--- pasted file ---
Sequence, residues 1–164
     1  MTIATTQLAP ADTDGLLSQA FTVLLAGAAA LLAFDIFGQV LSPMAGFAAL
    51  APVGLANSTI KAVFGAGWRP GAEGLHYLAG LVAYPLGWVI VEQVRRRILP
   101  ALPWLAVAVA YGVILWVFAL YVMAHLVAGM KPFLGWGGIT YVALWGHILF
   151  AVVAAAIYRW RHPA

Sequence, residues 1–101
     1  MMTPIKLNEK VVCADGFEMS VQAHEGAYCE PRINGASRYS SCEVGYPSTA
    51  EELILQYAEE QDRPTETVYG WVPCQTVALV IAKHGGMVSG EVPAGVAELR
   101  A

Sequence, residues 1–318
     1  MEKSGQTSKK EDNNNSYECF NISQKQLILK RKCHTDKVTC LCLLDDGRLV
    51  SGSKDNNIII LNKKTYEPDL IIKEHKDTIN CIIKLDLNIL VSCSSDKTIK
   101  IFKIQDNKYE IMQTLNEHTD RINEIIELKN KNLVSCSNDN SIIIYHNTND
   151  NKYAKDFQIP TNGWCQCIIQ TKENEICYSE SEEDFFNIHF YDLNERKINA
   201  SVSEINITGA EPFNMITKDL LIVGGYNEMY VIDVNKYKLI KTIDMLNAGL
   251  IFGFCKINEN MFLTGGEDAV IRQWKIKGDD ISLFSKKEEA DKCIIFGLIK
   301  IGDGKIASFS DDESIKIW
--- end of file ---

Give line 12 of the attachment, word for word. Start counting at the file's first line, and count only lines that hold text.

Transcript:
    51  SGSKDNNIII LNKKTYEPDL IIKEHKDTIN CIIKLDLNIL VSCSSDKTIK